A European “Civic Identity” would, therefore, refer to the perception to be part of a European political system, defining rules, laws, and rights concerning the individual citizen’s life. When targeting the civic component, European initiatives should thus aim at generating a sense of communal participation in the Union’s decision-making processes, stressing the involvement of one common political system. The primary purpose, more generally, should, therefore, consist in making institutions more efficient and transparent, as well as more accessible to European citizens. The result would lead not only to greater participation in European political life but would also increase citizens’ awareness of the European institutions as well as of the benefits to which they have access. Among the European initiatives that have been undertaken in accordance to these lines are the following: European Parliament’s elections, citizen’s project initiatives and dialogues, a common passport, uniformed license plates, free mobility, free-roaming, MEP (Model European Parliament) and the EU-wide job agency (EURES).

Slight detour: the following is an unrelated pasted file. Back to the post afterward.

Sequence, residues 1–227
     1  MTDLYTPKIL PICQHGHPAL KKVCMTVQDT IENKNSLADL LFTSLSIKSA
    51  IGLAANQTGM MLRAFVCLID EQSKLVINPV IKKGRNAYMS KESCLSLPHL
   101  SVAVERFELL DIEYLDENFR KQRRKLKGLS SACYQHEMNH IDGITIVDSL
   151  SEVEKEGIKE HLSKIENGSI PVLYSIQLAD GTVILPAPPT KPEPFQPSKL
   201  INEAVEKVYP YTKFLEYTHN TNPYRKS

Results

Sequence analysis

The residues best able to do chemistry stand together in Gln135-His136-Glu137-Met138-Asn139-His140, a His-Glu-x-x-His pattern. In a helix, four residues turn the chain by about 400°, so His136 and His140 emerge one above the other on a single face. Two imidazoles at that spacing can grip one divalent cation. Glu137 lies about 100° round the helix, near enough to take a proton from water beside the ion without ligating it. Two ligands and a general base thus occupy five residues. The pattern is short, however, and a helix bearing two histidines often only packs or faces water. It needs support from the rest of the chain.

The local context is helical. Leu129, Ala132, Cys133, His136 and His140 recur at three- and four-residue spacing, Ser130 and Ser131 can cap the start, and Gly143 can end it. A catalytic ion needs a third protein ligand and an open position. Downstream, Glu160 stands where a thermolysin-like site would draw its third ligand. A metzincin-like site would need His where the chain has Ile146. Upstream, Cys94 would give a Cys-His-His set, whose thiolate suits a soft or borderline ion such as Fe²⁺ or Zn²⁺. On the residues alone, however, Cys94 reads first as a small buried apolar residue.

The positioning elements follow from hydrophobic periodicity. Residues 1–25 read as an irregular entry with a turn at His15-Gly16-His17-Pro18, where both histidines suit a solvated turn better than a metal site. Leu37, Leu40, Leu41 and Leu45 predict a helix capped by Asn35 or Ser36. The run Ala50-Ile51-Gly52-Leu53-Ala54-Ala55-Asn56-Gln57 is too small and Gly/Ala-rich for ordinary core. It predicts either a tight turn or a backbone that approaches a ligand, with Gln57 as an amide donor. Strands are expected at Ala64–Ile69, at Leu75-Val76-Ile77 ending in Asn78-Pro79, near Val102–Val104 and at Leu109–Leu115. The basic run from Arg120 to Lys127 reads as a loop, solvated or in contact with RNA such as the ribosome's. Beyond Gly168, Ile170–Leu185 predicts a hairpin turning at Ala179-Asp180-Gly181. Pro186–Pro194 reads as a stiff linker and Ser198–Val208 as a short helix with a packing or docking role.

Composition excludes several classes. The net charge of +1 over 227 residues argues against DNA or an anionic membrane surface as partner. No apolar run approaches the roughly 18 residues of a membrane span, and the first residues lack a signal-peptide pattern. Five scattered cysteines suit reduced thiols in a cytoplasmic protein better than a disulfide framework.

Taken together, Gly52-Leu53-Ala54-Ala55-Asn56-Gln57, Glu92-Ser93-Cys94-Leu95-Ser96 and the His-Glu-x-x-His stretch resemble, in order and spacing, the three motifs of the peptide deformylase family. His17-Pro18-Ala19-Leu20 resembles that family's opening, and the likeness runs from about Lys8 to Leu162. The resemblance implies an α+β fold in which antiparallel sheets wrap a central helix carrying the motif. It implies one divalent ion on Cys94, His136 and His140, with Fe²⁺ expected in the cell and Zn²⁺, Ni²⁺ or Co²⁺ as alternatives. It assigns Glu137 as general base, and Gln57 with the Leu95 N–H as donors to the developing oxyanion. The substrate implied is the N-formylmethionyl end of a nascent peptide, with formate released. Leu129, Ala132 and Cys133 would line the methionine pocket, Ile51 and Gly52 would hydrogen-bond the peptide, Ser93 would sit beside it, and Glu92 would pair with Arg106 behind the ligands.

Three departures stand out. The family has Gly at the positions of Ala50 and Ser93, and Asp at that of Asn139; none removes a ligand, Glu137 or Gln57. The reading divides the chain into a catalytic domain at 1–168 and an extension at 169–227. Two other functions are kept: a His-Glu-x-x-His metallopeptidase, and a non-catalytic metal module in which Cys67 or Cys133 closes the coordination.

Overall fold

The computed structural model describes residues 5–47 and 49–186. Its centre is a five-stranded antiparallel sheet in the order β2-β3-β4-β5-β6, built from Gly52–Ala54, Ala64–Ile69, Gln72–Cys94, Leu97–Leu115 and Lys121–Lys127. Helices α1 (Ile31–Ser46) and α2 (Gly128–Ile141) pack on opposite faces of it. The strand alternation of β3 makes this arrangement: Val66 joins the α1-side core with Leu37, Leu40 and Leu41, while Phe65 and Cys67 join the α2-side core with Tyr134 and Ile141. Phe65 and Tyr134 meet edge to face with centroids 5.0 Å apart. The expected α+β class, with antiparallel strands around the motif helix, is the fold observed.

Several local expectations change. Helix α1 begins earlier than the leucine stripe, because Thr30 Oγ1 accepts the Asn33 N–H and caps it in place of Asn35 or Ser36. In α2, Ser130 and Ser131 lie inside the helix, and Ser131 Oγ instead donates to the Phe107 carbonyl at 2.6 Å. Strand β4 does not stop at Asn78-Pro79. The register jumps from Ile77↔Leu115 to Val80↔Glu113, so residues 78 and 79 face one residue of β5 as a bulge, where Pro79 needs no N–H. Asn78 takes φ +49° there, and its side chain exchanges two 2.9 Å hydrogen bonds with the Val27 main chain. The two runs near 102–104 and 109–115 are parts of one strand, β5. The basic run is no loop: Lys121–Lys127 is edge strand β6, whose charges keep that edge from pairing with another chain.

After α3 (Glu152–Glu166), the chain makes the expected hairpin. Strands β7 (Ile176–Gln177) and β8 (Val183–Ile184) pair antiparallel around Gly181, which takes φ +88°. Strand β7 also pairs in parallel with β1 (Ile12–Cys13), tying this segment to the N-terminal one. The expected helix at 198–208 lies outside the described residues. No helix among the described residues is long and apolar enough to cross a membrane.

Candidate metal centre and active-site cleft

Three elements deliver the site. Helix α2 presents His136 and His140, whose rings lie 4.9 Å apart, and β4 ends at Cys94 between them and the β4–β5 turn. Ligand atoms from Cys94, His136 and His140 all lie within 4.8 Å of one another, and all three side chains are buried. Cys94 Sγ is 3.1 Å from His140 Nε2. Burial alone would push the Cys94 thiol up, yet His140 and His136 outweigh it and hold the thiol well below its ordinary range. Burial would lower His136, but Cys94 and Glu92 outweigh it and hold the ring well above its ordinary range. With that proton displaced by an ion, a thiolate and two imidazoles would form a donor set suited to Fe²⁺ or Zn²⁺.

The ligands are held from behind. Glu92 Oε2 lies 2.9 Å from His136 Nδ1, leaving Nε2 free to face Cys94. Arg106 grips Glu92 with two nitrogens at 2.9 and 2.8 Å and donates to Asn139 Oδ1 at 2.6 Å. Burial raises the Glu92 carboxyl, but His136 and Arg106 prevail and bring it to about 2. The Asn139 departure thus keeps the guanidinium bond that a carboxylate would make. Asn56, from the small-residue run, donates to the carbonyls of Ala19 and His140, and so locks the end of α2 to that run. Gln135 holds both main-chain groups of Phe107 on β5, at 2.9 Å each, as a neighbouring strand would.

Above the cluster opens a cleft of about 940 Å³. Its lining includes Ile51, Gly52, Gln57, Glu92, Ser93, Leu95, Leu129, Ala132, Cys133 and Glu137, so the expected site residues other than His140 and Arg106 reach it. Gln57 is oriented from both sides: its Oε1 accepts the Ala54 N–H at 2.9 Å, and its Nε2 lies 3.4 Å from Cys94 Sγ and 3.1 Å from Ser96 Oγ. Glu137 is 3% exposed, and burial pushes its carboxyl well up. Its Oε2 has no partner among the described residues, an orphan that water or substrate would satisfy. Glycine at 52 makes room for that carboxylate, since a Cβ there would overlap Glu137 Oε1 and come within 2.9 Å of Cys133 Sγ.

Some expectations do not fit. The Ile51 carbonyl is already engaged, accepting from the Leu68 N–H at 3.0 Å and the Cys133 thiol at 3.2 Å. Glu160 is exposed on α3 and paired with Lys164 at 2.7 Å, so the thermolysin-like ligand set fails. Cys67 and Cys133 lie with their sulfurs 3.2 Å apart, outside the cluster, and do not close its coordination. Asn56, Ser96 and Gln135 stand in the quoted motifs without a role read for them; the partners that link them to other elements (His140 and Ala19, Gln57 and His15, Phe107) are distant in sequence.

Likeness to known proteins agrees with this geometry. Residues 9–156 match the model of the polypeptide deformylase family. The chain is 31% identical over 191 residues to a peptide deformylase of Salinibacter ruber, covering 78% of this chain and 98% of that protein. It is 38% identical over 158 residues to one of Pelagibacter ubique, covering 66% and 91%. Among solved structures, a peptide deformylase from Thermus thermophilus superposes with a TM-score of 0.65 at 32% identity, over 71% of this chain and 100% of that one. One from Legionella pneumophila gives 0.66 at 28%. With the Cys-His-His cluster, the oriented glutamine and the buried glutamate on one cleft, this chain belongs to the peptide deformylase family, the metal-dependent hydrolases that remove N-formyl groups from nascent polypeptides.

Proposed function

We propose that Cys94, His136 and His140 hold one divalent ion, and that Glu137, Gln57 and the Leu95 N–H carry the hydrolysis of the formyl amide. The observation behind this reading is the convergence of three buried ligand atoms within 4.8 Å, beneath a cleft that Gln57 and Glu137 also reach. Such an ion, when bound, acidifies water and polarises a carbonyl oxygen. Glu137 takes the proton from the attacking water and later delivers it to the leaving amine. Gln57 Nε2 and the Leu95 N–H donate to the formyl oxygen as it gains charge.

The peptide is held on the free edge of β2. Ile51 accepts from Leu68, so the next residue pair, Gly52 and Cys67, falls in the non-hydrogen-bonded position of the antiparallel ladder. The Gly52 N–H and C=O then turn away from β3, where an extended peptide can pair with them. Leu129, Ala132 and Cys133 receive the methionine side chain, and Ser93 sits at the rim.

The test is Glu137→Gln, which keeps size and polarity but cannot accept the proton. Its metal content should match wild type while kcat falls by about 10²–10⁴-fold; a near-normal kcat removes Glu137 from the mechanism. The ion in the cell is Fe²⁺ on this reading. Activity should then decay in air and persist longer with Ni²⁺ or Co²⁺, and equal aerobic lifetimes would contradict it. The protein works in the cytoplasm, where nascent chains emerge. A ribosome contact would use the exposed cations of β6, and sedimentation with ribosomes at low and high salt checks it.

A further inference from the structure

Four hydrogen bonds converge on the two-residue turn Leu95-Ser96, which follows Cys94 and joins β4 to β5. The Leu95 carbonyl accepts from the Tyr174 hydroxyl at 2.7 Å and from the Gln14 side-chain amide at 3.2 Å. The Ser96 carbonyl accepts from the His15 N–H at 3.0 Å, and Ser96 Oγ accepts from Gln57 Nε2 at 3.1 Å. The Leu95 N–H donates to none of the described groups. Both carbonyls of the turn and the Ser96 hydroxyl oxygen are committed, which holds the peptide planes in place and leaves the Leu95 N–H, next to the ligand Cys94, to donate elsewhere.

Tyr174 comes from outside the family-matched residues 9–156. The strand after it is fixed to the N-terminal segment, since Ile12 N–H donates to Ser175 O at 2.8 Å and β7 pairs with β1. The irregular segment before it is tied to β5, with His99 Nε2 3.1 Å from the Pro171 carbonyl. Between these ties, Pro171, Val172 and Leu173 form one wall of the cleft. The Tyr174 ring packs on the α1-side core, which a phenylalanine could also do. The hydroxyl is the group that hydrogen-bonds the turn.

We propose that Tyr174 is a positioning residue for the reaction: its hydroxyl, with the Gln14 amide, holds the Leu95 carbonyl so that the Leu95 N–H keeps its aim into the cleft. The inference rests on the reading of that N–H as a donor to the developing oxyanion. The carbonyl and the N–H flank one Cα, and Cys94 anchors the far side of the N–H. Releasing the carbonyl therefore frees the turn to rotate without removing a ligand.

In contrast, “Cultural Identity” is defined as the component, independent from the above-mentioned political perceptions, stemming from the idea that Europeans are closer than non-Europeans due to a rich set of shared values, as well as a shared culture and history. By emphasizing the commonality derived from a shared past between EU members, initiatives will be implemented in order to raise a sense of alignment between citizens of the same group. Examples include Erasmus+, free interrail tickets, town twinning programs, European Capital of Culture, a pan-European TV Channel (Euronews), as well as shared symbols, such as the European Flag, European Anthem, a common motto (“United in Diversity”), and a shared festivity, Europe’s day (9 May).

Reshaping the EU, What Can be Done in Order to Develop a Sense of Identification?